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What were the earliest country records produced?
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Author:  Mormon S [ Thu Jan 10, 2019 11:34 pm ]
Post subject:  What were the earliest country records produced?

I have been talking to someone over Instagram about when the earlist "true country music" cylinders were made. Does anyone know of any early brown wax cylinders that would be considered country?

Martin

Author:  Wolfe [ Fri Jan 11, 2019 12:01 am ]
Post subject:  Re: What were the earliest country records produced?

I've not heard of any commercial brown wax cylinders of country music by rural musicians - and not vaudevillians co-opting some melody or lyrics from some song or other. We don't usually consider that country music started being recorded by the record companies until about 1922-23.

This home recording on brown wax of a popular old fiddle tune called Bonapartes March might be considered though : http://www.library.ucsb.edu/OBJID/Cylinder12824

Author:  marcapra [ Sun Jan 13, 2019 4:29 am ]
Post subject:  Re: What were the earliest country records produced?

I mentioned to my carpool buddy that I had some country records from the 1920s, and he reacted with total disbelief. He said "That couldn't be. Country music wasn't invented until the 50's." He said this with such authority that I didn't want to argue the point. I just said "Well, they actually called it HillBilly or Mountain music back then."

Author:  Mormon S [ Sun Jan 13, 2019 1:36 pm ]
Post subject:  Re: What were the earliest country records produced?

Maybe I should expand the range of music I'm talking about. For instance, I have an indestructible 4 minute cylinder with 2 songs on it, one being a "banjo medley" definitely before the 20s. I guess it would be considered American folk?

Martin

Author:  VanEpsFan1914 [ Sun Jan 13, 2019 2:25 pm ]
Post subject:  Re: What were the earliest country records produced?

Martin,

I've got "Kerry Mills' Barn Dance" on 2-minute indestructible cylinder...it's a band record.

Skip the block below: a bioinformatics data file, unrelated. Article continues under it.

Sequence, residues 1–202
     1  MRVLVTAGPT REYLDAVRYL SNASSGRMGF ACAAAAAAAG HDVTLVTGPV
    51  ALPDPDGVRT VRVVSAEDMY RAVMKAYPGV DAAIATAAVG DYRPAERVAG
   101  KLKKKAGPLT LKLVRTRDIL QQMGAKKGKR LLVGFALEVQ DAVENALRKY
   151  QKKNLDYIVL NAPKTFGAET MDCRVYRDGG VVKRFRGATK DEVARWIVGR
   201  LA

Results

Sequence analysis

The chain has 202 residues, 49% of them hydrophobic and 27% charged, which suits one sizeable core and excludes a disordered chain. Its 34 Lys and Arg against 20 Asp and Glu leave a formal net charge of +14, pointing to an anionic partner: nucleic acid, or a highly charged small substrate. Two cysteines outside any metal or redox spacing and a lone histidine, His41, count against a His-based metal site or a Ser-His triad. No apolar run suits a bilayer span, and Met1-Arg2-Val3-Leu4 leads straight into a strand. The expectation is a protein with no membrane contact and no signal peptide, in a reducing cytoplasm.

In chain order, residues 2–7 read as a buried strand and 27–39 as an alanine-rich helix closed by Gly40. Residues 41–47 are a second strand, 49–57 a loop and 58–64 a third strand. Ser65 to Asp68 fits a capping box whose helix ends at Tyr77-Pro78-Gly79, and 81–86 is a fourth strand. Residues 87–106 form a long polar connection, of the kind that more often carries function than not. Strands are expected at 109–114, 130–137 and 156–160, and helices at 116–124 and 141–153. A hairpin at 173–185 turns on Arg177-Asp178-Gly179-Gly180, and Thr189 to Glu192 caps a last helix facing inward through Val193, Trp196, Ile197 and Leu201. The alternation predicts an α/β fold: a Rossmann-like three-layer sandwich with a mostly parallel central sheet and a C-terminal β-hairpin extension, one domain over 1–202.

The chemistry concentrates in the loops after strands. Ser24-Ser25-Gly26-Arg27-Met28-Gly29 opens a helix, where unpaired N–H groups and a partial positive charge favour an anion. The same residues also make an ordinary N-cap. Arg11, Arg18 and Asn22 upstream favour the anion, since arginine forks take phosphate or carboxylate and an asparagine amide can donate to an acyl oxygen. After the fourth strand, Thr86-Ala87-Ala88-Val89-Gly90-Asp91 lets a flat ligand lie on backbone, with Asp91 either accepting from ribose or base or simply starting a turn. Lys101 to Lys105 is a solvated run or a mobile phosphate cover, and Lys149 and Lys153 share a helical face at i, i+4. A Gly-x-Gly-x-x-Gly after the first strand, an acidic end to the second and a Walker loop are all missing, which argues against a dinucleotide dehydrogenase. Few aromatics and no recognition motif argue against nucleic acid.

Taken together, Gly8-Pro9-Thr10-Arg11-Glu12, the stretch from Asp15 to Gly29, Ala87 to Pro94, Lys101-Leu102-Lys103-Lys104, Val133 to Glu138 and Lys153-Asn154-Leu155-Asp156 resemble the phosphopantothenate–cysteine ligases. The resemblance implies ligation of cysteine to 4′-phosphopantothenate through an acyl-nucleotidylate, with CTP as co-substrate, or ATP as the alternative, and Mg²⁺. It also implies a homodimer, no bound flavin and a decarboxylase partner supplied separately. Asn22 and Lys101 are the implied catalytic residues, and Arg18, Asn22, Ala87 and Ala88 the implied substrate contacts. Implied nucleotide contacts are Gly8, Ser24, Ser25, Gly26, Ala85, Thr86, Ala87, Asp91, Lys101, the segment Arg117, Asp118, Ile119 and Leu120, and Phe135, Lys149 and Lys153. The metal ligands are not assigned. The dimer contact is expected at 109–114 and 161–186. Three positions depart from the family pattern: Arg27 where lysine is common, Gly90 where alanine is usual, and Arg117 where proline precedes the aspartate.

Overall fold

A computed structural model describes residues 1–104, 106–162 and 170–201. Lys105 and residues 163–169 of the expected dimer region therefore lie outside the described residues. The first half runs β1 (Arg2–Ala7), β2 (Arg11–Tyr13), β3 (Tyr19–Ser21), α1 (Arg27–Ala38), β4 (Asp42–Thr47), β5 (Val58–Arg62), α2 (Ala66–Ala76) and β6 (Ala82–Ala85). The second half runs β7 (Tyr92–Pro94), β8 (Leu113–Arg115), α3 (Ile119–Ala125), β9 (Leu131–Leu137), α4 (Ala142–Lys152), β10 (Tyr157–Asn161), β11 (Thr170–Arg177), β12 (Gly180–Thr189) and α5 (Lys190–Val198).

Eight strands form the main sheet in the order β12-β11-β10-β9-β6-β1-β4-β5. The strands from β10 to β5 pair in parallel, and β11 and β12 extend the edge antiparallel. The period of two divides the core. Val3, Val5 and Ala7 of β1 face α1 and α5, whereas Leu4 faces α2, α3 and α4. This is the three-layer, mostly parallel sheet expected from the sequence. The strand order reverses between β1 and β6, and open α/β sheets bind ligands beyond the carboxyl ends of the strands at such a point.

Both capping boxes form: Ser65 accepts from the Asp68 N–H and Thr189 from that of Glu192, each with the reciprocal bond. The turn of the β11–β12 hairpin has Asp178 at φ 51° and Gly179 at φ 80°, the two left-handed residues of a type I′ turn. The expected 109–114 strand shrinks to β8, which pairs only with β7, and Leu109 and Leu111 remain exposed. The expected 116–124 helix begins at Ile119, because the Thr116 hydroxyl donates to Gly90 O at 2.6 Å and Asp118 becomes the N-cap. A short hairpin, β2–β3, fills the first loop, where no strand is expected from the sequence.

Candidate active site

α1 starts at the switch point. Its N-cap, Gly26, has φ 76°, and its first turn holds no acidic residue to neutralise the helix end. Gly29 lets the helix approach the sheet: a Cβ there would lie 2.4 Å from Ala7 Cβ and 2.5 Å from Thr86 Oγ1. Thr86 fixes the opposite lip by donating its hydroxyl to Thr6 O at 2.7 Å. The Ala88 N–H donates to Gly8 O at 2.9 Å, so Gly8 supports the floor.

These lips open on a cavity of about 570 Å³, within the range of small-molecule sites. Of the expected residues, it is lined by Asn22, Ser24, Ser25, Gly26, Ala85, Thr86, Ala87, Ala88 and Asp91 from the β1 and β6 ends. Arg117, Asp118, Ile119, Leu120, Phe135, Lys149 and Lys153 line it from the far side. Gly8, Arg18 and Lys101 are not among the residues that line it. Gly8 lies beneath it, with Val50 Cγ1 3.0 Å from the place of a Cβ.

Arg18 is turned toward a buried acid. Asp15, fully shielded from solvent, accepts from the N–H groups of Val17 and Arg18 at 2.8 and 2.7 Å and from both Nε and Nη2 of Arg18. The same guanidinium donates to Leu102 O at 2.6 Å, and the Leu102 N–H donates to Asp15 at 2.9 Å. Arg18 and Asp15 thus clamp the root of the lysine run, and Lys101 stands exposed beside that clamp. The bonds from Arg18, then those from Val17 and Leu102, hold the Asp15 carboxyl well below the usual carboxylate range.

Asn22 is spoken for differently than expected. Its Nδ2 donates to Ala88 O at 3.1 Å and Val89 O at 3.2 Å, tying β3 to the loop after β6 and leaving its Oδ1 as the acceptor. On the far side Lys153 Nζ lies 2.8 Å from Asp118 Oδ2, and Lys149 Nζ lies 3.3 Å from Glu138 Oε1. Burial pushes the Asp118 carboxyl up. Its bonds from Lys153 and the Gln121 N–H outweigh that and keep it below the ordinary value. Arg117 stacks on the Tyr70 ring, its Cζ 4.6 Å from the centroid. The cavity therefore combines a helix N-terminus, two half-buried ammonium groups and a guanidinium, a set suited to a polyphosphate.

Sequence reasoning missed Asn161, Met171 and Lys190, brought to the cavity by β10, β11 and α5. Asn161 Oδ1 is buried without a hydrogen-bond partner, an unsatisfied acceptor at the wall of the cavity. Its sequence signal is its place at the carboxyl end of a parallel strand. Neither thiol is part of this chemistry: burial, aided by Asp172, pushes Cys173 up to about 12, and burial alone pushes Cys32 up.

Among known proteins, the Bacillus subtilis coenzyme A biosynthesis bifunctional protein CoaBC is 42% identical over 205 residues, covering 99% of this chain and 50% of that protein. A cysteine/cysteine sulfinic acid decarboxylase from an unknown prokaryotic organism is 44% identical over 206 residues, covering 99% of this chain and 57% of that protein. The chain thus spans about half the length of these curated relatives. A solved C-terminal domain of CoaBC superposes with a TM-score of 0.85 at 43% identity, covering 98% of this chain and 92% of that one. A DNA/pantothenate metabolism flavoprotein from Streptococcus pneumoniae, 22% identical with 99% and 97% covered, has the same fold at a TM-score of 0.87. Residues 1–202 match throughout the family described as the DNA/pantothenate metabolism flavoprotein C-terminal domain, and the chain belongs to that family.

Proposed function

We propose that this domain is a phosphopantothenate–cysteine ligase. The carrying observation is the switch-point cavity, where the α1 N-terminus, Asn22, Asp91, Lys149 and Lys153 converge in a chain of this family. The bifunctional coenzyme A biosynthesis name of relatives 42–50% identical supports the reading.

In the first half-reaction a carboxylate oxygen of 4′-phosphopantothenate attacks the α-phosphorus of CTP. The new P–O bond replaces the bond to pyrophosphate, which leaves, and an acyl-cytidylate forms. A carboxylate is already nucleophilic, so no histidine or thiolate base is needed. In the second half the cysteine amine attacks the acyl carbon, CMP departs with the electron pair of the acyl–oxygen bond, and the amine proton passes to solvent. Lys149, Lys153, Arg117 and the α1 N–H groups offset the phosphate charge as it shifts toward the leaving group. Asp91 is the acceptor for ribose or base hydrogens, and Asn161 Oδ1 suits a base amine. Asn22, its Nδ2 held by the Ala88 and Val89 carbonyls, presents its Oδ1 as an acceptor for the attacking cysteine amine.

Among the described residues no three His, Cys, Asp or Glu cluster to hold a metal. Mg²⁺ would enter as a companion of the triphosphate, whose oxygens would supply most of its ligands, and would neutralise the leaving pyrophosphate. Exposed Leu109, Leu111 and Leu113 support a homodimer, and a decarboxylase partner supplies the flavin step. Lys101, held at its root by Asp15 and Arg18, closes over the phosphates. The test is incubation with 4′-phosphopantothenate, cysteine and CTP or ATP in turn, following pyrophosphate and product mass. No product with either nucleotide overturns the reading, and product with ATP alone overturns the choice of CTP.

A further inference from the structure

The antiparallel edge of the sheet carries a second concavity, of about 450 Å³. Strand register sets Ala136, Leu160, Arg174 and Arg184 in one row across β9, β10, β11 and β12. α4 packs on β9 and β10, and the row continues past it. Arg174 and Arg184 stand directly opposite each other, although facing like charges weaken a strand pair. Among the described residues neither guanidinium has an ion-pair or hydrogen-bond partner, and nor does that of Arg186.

"Barn Dance" doesn't mean a country record--or does it?

Clear as mud!

Author:  Wolfe [ Sun Jan 13, 2019 2:51 pm ]
Post subject:  Re: What were the earliest country records produced?

Mormon S wrote:
Maybe I should expand the range of music I'm talking about. For instance, I have an indestructible 4 minute cylinder with 2 songs on it, one being a "banjo medley" definitely before the 20s. I guess it would be considered American folk?

Martin


All kinds of music was adapted / performed on the banjo for the talking machine in the early days. Banjo recorded well.

The fiddle tune that I linked to is one that has long had some currency among fiddle players in the rural southern United States.

Author:  Victrolacollector [ Fri Jan 18, 2019 6:08 pm ]
Post subject:  Re: What were the earliest country records produced?

Not counting the early banjo recordings, I would say Vernon Dalhart, Riley Puckett, The Carter Family and Jimmy Rogers were the first of what we would consider actual country. By the 1930’s and 1940’s other greats became popular such as Roy Acuff, Minnie Pearl, Bob Wills and others.

When I started collecting there was a period of time in the early 1990’s that sought after the country records such as Roy Acuff, Bob Wills, Little Jimmy Dickens, Hank Williams etc. the prices were several dollars a record if not more, this back when we had catalog auctions and record lists. I think it was a phase because by 2005, you could find these records for a dollar or two each. I finally picked up maybe 5 or so Roy Acuff records for a couple bucks. It’s just makes me think how a decade or so can make a difference.

Author:  Wolfe [ Fri Jan 18, 2019 8:37 pm ]
Post subject:  Re: What were the earliest country records produced?

^ Carters and Jimmie Rodgers are indeed ground zero for what is now called 'country music' and the industry based around it. Both recorded on the same scouting session conducted by Ralph Peer for Victor in 1927.

I also see lots of Roy Acuff and Bob Wills, etc. A lot of the 78 rpm country records that were issued on the red Columbias in the 40's and 50's are very common. Decca and RCA Vic. too.

Fiddlin' John Carson's first records for Victor in 1922 are usually considered the beginning of the record companies showing any interest in recording and releasing rural or 'country' music. The story behind the release of Carson's first record is interesting.

Author:  Victrolacollector [ Sat Jan 19, 2019 2:39 pm ]
Post subject:  Re: What were the earliest country records produced?

Wolfe wrote:
^ Carters and Jimmie Rodgers are indeed ground zero for what is now called 'country music' and the industry based around it. Both recorded on the same scouting session conducted by Ralph Peer for Victor in 1927.

I also see lots of Roy Acuff and Bob Wills, etc. A lot of the 78 rpm country records that were issued on the red Columbias in the 40's and 50's are very common. Decca and RCA Vic. too.

Fiddlin' John Carson's first records for Victor in 1922 are usually considered the beginning of the record companies showing any interest in recording and releasing rural or 'country' music. The story behind the release of Carson's first record is interesting.


I agree, I would not spend the eBay prices for any of those common 40’s and 50’s records, eBay sellers are rediculous on those records, and most don’t know how to pack. I would not mind having a copy of Lulu Belle and Scotty “Beyond the Starry Sky” and “Mush” which was a 1950 London issue, that was my Great Grandmothers favorite.

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